The synthetic bank bill rate is a type of base rate that some major banks are using nowadays which we call synthetic. It’s the not the raw rate available on the money market, but rather an internal bank pricing model on their own cost of funds. This pricing is usually 0.4% – 0.7% higher than the average price of the raw BBSY. Hence it is more expensive.

Can we have more flexible Serviceability (affordability) requirements under a commercial loan?

As commercial loans do not come under the NCCP legislation, there are better grounds to approve a commercial loan than other home loans. For example, some lenders will consider cash flow forecasts in assessing whether or not to approve a loan. Other lenders will consider the performance of the business over other previous business quarters and actualize the income of the business to assist in serviceability.

Other lenders can or will consider the amount of cash reserves sitting in a client’s account knowing that this money can be used to cover shortfalls in tougher times.

Commercial Low Doc loan?

Low doc loans are available on Commercial / Industrial property loans. It is worth noting that only a handful accept them, and they can be found with some large institutions and some smaller institutions.

Many lenders who consider commercial low doc loans will lend between 60 – 82%LVR.

Some lenders only ask for an income declaration from the borrower, and other lenders verify the income declaration by either looking at the cash entering the business trading account or a supporting letter from an accountant.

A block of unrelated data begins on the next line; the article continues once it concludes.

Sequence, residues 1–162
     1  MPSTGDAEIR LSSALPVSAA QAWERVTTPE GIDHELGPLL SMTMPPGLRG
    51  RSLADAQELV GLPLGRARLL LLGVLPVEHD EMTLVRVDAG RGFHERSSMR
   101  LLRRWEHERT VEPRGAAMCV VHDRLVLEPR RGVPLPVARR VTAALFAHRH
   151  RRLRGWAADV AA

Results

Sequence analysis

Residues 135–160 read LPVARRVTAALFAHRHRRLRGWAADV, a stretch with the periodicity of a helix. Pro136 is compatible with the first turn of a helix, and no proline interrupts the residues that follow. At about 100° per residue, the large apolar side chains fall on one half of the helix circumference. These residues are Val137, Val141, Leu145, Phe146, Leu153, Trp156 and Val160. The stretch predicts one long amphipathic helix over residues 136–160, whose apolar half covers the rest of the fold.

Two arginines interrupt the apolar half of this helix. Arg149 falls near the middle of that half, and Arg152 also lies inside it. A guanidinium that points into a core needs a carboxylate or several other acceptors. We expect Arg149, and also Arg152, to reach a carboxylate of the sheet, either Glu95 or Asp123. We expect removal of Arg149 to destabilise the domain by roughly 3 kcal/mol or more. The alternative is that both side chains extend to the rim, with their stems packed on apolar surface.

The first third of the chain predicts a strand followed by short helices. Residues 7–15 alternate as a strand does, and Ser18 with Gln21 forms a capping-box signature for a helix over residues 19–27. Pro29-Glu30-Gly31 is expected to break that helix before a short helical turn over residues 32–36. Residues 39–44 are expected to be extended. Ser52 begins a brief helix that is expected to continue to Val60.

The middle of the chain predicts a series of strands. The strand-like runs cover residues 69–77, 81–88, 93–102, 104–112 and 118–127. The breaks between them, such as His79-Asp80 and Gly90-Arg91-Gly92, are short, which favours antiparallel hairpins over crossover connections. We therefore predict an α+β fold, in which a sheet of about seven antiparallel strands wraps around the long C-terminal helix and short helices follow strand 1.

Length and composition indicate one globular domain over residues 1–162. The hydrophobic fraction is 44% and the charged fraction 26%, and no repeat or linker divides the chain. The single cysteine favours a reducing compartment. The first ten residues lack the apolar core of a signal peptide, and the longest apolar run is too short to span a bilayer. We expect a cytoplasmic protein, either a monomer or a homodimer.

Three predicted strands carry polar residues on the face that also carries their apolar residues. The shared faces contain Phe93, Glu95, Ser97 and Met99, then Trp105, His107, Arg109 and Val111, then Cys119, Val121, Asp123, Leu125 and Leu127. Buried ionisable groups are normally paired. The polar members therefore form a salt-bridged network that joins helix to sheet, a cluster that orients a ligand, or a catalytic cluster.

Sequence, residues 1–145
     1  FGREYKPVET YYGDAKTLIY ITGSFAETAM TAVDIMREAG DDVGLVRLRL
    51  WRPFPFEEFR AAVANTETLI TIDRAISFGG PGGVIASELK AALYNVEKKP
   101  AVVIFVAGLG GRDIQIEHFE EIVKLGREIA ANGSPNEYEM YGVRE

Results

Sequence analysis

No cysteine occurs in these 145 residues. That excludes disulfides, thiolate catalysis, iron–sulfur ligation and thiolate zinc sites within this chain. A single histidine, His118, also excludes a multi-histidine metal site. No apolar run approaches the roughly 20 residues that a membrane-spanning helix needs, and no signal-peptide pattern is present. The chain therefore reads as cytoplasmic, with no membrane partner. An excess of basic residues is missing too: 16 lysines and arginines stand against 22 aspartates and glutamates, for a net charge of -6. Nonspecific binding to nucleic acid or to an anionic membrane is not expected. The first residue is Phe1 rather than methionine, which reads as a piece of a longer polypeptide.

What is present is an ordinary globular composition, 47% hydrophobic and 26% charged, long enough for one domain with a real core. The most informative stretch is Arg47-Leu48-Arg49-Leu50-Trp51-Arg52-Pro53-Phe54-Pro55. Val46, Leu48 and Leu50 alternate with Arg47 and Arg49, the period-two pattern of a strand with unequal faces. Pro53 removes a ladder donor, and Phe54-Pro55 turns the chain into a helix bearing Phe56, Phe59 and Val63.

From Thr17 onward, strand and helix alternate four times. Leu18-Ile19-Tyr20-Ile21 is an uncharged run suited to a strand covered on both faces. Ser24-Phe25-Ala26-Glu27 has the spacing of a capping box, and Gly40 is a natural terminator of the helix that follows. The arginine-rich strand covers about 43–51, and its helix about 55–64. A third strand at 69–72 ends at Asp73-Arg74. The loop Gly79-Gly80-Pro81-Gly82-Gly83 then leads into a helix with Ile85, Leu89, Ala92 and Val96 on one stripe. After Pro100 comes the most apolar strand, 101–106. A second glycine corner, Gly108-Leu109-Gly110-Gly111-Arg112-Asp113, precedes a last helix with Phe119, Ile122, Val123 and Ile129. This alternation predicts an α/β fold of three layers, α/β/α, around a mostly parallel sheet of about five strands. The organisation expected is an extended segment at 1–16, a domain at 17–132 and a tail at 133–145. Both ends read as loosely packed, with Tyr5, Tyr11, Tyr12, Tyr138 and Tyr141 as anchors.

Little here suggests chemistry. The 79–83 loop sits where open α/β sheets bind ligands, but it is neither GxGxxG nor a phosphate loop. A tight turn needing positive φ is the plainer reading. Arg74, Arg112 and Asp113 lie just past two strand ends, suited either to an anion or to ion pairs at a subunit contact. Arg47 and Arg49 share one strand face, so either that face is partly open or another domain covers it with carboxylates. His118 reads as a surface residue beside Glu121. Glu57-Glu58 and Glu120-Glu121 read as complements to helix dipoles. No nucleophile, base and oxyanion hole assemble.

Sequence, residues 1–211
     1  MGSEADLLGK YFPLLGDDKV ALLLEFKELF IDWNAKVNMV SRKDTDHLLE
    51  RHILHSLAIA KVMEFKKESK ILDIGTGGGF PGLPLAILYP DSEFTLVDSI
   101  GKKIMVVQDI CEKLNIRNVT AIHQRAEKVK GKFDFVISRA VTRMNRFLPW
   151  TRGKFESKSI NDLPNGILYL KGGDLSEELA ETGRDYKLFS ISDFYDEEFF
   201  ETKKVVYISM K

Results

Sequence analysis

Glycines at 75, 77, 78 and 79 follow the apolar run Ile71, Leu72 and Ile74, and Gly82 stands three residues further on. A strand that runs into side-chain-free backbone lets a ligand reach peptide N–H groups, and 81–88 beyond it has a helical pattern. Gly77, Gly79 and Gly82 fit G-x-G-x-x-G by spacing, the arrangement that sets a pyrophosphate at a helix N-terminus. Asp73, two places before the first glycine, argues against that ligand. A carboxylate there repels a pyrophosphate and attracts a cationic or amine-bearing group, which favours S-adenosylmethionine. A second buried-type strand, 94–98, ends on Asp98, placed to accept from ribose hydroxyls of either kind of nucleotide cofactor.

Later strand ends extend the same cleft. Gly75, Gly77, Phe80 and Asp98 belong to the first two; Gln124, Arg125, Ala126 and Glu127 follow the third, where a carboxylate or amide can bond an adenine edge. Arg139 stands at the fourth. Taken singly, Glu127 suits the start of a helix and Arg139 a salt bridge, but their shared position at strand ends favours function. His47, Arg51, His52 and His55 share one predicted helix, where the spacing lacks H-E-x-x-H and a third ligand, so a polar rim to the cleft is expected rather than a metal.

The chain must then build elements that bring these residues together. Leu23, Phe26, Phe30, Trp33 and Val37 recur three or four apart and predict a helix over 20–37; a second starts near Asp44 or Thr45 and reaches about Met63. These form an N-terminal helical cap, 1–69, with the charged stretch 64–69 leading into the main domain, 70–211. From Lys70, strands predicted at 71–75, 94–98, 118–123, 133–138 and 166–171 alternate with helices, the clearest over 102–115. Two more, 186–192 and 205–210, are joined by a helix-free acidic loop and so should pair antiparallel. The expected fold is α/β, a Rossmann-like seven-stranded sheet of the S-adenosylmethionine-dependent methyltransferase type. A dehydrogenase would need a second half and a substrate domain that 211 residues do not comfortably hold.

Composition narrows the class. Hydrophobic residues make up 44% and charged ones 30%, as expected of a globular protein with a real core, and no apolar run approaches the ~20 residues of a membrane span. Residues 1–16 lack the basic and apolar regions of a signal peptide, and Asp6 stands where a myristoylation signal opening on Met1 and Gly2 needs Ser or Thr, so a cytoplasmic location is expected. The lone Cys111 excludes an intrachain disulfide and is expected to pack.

The method where an accountant’s letter is used to verify affordability is at times known as a Commercial Lite Doc loan. This letter usually comes in the form of a template provided by the lender which the accountant fills in and puts on his own letterhead.

This letter would typically state that the accountant is aware that this client has applied for a loan for a certain loan amount. He is aware of the client’s commitment towards the monthly loan payment, and he is aware of the client’s income position, and he thinks that the client can afford this loan.

Nonetheless the letter also gives a disclaimer stating that the accountant cannot be held liable by the lender as the accountant has not performed an audit to confirm the accuracy of the client’s financial statement.

What is a Commercial Lease Doc Loan?

A commercial lease doc loan is a loan whereby the lender assesses a client’s affordability using the lease of the security property in its own right to service the debt on a stand alone basis. This type of loan is not very common with lenders, but can be found amongst a small number of lending institutions.

As a general rule, lenders conduct an affordability test on a client’s overall position. With a lease doc, a lender looks at the debt and lease on their own. Therefore if a client were to have an unusual income stream and be unable to verify his incomes, but have good tenants in a particular property, then he could borrow using that property and lease without the need to show his financials.

Furthermore, under a Lease doc loan a lender assesses only the debt secured over the property using the income of the lease. If the lease income were sufficient enough to service the debt, then a lender will approve the loan without considering other debts held/secured over different properties the client could have. This is very useful for people who have many debts for different purposes, good strong tenants with good lease terms and unusual financial statements which lenders are not satisfied with.